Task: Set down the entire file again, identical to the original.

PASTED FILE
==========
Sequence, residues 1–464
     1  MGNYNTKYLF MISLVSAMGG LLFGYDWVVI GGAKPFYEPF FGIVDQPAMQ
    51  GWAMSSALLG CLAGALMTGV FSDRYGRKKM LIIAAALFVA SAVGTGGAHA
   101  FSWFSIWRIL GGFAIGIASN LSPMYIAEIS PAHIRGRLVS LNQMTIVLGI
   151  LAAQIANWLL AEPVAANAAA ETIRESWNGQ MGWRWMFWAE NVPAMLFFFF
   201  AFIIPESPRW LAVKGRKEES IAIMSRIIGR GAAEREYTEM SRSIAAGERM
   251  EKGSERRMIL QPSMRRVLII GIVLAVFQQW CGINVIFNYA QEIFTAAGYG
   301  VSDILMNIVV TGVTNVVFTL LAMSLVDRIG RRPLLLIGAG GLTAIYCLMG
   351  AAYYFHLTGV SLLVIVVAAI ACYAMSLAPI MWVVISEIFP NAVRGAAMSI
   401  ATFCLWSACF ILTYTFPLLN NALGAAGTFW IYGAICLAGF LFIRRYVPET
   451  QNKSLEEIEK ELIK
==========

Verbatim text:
Sequence, residues 1–464
     1  MGNYNTKYLF MISLVSAMGG LLFGYDWVVI GGAKPFYEPF FGIVDQPAMQ
    51  GWAMSSALLG CLAGALMTGV FSDRYGRKKM LIIAAALFVA SAVGTGGAHA
   101  FSWFSIWRIL GGFAIGIASN LSPMYIAEIS PAHIRGRLVS LNQMTIVLGI
   151  LAAQIANWLL AEPVAANAAA ETIRESWNGQ MGWRWMFWAE NVPAMLFFFF
   201  AFIIPESPRW LAVKGRKEES IAIMSRIIGR GAAEREYTEM SRSIAAGERM
   251  EKGSERRMIL QPSMRRVLII GIVLAVFQQW CGINVIFNYA QEIFTAAGYG
   301  VSDILMNIVV TGVTNVVFTL LAMSLVDRIG RRPLLLIGAG GLTAIYCLMG
   351  AAYYFHLTGV SLLVIVVAAI ACYAMSLAPI MWVVISEIFP NAVRGAAMSI
   401  ATFCLWSACF ILTYTFPLLN NALGAAGTFW IYGAICLAGF LFIRRYVPET
   451  QNKSLEEIEK ELIK